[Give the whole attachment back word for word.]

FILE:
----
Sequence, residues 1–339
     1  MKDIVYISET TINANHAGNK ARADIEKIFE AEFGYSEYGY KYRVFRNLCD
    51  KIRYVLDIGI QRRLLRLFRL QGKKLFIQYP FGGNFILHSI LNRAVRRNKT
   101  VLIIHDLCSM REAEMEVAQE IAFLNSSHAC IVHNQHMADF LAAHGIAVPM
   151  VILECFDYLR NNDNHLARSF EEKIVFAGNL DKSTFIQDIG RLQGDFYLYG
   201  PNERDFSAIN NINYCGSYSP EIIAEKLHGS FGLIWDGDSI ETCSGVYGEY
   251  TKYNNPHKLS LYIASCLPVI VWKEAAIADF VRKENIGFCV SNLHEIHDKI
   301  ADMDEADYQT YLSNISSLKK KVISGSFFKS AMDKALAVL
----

Sequence, residues 1–339
     1  MKDIVYISET TINANHAGNK ARADIEKIFE AEFGYSEYGY KYRVFRNLCD
    51  KIRYVLDIGI QRRLLRLFRL QGKKLFIQYP FGGNFILHSI LNRAVRRNKT
   101  VLIIHDLCSM REAEMEVAQE IAFLNSSHAC IVHNQHMADF LAAHGIAVPM
   151  VILECFDYLR NNDNHLARSF EEKIVFAGNL DKSTFIQDIG RLQGDFYLYG
   201  PNERDFSAIN NINYCGSYSP EIIAEKLHGS FGLIWDGDSI ETCSGVYGEY
   251  TKYNNPHKLS LYIASCLPVI VWKEAAIADF VRKENIGFCV SNLHEIHDKI
   301  ADMDEADYQT YLSNISSLKK KVISGSFFKS AMDKALAVL